Tourette Syndrome Child



The exact cause of Tourette syndrome is not known. Genetics and brain chemicals are thought to play a role.

Genetic Material
Chromosome DNA
TS may be inherited through genes, which make up DNA.
Copyright © Nucleus Medical Media, Inc.

Risk Factors

Tourette syndrome is more common in males. It usually starts when a child is 5 years of age. These factors in the mother may raise the risk:

  • Poor weight gain during pregnancy
  • Use of alcohol or cannabis in the last two months of pregnancy



Tourette syndrome problems may be mild to severe. They can occur suddenly and the length of time they last can vary. Tics may ease during times of focus or distraction. They may happen more often during times of stress.

A person may have:

  • Movement tics, such as:
    • Eye blinking
    • Facial grimacing
    • Head jerking
    • Arm or leg thrusting
    • Jumping
    • Smelling
    • Touching things or other people
    • Twirling around
  • Vocal tics, such as:
    • Throat clearing or coughing
    • Sniffing
    • Grunting, yelping, or barking
    • Saying words or phrases that do not make sense in a given situation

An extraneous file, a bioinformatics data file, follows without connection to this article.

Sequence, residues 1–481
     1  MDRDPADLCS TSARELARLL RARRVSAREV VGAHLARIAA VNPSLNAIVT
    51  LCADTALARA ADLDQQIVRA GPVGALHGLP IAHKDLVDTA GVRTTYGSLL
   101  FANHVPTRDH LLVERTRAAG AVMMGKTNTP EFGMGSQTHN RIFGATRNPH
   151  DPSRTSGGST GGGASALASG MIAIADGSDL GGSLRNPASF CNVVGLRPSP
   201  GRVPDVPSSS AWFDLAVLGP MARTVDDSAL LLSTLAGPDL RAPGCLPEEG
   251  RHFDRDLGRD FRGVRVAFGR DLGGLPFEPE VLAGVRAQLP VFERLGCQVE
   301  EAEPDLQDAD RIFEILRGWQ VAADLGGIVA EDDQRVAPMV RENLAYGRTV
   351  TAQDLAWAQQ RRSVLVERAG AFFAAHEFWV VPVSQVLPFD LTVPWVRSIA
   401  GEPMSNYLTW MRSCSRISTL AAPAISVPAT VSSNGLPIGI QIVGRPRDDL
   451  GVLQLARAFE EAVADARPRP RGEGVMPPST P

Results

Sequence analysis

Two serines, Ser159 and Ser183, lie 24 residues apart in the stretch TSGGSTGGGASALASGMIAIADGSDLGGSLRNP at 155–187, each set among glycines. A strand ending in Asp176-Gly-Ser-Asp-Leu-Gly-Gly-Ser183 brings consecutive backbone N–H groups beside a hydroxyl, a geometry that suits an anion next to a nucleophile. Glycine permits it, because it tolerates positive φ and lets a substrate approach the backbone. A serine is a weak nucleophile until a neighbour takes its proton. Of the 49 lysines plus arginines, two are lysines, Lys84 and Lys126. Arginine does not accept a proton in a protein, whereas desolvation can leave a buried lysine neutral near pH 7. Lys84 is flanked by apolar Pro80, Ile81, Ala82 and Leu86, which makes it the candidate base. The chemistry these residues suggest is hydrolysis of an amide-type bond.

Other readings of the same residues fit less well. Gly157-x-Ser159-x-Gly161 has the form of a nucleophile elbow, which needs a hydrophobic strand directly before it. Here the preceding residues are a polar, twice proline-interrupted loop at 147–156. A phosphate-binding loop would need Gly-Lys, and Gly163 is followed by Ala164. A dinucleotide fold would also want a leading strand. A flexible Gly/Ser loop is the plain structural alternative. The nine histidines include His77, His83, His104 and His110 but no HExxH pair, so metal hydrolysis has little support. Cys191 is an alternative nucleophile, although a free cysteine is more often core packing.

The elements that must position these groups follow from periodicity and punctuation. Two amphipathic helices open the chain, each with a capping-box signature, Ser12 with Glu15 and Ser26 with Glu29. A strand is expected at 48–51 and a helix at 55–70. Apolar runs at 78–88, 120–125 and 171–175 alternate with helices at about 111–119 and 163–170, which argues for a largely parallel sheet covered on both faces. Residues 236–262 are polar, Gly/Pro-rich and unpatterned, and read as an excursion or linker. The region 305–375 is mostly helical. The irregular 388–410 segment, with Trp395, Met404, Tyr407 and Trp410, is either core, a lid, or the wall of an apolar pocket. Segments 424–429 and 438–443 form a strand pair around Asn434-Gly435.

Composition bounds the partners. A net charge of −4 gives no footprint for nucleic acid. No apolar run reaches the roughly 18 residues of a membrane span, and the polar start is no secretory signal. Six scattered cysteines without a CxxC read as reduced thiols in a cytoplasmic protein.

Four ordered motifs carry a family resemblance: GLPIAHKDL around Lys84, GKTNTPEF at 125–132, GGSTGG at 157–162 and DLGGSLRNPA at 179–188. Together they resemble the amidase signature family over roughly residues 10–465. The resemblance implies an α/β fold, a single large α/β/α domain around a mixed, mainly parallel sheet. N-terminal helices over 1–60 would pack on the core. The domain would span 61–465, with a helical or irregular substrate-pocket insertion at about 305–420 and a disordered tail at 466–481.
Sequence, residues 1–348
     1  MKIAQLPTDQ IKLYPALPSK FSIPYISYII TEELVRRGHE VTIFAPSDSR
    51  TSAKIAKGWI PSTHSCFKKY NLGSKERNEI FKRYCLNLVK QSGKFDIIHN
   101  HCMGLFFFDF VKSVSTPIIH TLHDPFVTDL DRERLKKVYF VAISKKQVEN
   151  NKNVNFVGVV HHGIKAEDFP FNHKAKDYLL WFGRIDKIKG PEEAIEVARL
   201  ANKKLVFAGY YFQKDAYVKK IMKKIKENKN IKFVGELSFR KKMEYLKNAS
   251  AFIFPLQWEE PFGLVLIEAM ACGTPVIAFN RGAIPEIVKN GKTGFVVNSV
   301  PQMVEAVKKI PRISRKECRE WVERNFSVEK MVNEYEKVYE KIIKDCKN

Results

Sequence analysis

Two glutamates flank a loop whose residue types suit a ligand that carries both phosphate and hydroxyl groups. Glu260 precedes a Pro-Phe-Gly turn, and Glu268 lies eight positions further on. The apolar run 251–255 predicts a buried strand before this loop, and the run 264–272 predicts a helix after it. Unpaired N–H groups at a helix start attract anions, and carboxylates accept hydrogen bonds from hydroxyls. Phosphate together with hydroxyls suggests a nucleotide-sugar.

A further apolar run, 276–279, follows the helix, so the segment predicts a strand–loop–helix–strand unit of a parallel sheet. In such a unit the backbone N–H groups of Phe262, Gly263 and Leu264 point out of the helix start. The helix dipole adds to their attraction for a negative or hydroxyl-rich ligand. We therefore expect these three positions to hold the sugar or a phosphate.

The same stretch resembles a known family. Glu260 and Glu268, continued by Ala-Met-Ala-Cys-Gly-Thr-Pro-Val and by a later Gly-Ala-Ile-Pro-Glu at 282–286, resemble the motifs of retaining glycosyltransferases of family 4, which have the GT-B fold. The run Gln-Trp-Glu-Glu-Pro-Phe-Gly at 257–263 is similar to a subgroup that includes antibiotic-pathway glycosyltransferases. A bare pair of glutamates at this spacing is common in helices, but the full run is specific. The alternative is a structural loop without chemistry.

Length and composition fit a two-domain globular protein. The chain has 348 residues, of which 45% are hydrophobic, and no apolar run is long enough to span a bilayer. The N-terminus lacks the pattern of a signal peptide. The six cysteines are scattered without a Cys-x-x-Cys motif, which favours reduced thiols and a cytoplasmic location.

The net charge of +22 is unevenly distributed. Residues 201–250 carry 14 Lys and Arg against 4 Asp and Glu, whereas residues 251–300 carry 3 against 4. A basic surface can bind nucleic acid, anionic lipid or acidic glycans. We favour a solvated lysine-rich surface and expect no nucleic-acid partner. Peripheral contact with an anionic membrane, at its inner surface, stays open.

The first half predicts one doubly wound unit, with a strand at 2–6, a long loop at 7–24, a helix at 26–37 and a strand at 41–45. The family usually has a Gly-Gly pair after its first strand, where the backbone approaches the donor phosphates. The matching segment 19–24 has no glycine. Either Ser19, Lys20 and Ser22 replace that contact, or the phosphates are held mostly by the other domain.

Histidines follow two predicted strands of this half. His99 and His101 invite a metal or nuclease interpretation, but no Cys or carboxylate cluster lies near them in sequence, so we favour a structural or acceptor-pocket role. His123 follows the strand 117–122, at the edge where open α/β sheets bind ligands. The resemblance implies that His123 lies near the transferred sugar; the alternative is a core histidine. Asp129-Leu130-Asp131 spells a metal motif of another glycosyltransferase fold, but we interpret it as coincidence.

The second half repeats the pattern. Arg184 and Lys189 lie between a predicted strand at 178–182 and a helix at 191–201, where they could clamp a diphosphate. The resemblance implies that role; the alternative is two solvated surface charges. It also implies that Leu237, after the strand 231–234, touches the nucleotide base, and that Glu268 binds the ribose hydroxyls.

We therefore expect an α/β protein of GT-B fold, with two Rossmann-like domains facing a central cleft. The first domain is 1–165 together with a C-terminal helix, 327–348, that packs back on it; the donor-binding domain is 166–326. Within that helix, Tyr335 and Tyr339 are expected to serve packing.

• Saying obscene or socially unacceptable words


The doctor will ask about your child’s symptoms and health history. A physical exam will be done. This is often enough to make the diagnosis.



There is no cure. The goal of treatment is to manage tics. This will include care providers who specialize in Tourette syndrome.

Treatment options may be:

  • Education to help the person, family, school, and others learn about the syndrome
  • Behavioral therapy, such as habit reversal training and cognitive behavioral therapy

People with severe symptoms may also need medicine. It may lessen tics in some people.


There are no current guidelines to prevent Tourette syndrome.

This content is reviewed regularly and is updated when new and relevant evidence is made available. This information is neither intended nor implied to be a substitute for professional medical advice. Always seek the advice of your physician or other qualified health provider prior to starting any new treatment or with questions regarding a medical condition.

Edits to original content made by Denver Health.